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Falling sulfur dioxide emissions in the United States are expected to substantially increase rainfall in Africa’s semi-arid Sahel, while bringing slightly more rain to much of the U.S., according to a new study. (Francesco Fiondella/International Research Institute for Climate and Society

Reduced U.S. Air Pollution Will Boost Rainfall in Africa’s Sahel, Says Study

If U.S. sulfur dioxide emissions are cut to zero by 2100, as some researchers have projected they will be, rainfall over Africa’s Sahel region could increase up to 10 percent from 2000 levels, computer simulations suggest.

by |May 22, 2017
A NOAA water level monitoring station with an acoustic sensor on Dauphin Island, Alabama. Such tide gauges along the U.S. coast give scientists a baseline of sea level changes dating at least to the 19th century. Photo: NOAA/courtesy Morgan McHugh

Researchers Model Differences in East Coast Sea Level Rise

For years, scientists have been warning of a so-called “hot spot” of accelerated sea-level rise along the northeastern U.S. coast. But accurately modeling this acceleration as well as variations in sea-level rise from one region to another has proven challenging. Now new research offers the first comprehensive model for understanding differences in sea level rise along North America’s East Coast.

by |May 18, 2017
Irrigation in Salinas, Calif. Depletion of groundwater resources in the United States and other major food exporters could eventually threaten food security around the world, a new study says. Photo: U.S. Department of Agriculture

Study: Overuse of Water Threatens Global Food Supply

In recent years, scientists have revealed that we are depleting our global groundwater reserves at an alarming rate. Now researchers have shown that a significant share of this unsustainable water use fuels the global food trade, which means water exhaustion in supplier nations could ripple outward, causing food crises half way across globe.

by |May 8, 2017
With 9 million residents, Mexico City has a huge water demand but many problems providing enough for all of its citizens. Photo: tourist-destinations.com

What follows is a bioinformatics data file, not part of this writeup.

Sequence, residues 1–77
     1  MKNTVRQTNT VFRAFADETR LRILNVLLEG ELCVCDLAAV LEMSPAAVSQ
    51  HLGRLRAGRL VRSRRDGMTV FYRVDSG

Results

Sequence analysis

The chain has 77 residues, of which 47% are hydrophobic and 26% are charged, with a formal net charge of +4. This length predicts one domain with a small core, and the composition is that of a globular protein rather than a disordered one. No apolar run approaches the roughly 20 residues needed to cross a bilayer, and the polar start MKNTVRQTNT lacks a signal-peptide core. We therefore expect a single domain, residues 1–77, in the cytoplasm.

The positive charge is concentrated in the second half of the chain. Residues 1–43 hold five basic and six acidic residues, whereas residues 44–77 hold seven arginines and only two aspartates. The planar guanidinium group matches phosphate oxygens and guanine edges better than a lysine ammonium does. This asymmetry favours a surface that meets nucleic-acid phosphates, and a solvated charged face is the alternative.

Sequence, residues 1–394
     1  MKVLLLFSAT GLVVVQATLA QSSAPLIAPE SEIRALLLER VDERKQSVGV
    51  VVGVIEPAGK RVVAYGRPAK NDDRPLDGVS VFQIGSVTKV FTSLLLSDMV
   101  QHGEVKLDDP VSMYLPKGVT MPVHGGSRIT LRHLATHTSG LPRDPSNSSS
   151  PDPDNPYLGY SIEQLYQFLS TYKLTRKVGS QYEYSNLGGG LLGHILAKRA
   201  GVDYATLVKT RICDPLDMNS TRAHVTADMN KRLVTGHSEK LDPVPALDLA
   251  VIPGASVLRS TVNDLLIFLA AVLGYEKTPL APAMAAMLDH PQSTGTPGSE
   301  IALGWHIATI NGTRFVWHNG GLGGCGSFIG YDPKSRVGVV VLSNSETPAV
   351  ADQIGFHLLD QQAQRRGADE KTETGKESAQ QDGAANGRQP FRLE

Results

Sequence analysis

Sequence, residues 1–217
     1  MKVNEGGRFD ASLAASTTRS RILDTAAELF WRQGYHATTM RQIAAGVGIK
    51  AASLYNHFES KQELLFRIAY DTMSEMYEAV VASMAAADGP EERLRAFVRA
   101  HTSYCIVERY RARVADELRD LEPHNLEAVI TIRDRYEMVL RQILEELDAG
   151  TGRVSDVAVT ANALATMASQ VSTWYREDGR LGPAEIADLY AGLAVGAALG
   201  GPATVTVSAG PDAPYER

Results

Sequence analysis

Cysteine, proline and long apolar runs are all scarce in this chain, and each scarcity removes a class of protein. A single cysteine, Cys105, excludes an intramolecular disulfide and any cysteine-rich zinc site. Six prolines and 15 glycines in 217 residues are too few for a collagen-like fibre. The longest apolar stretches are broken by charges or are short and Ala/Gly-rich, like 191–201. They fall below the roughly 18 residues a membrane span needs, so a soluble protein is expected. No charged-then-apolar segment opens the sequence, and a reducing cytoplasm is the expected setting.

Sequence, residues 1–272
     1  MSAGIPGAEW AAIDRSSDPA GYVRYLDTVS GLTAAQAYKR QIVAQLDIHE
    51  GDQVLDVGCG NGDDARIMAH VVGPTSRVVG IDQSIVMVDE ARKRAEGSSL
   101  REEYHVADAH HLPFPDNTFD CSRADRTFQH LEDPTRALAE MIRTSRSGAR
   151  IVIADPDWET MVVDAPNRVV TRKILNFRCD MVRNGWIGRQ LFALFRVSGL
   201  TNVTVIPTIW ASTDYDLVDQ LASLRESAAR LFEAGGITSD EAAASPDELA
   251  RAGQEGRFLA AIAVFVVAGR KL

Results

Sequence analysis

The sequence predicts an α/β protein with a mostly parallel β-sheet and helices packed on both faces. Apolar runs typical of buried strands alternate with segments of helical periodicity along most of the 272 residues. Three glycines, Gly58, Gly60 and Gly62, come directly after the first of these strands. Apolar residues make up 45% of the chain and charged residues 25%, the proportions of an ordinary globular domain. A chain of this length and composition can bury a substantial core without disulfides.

To Ease Mexico City’s Water Woes, Look up, Study Suggests

For Mexico City’s biggest businesses and its poorest neighborhoods, rainwater harvesting could help address an enormous water crisis plaguing the city, a recent Columbia Water Center study found.

by |May 1, 2017
Heavy smoke blanketed Sumatra and Borneo in September and October 2015, as observed by NASA’s Terra satellite. (NASA image by Jeff Schmaltz, LANCE/EOSDIS Rapid Response.)

Rising Temperatures Lead to Increased Fire Risk in Indonesia

A new paper shows that rising temperatures have increased the risk of fires even during non-drought years in Indonesia, possibly making mild fire seasons in the country a thing of the past.

by |May 1, 2017
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Is Electricity Use in the Developing World About to Skyrocket?

Cities in the developing world may soon see dramatic spikes in electricity consumption for heating and cooling, according to a new study led by researchers from the Earth Institute’s Quadracci Sustainable Engineering Lab.

by |May 1, 2017
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Michelle Ho: In a Land of Plenty, Big Water Problems

Michelle Ho grew up in Australia, the driest inhabited continent, with an appreciation for the value of having a clean glass of water to drink. Now, she conducts research for the Columbia Water Center on America’s water systems.

by |May 1, 2017
The recent drought in California is one focus of a Stanford research team's effort to calculate how human-induced climate change influences extreme weather events. Photo: California Department of Water Resources

Testing Links Between Extreme Weather and Climate Change

A new four-step “framework” aims to test the contribution of climate change to record-setting extreme weather events.

by |April 24, 2017
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Pratigya Polissar Sees Landscapes Changing Through a Microscope

The word fossils typically conjures images of T-Rexes and trilobites. Pratigya Polissar thinks micro: A paleoclimatologist, he digs into old sediments and studies molecular fossils—the microscopic remains of plants and animals that can tell us a lot about what was living in a particular time period.

by |April 17, 2017
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Colin Kelley: Food and Water Vulnerability in a Changing Climate

Colin Kelley, an associate research scientist with the International Research Institute for Climate and Society, studies regional climate in vulnerable areas like the Middle East in order to improve our ability to make forecasts, plan ahead and become more resilient to drought and other climate shifts.

by |April 10, 2017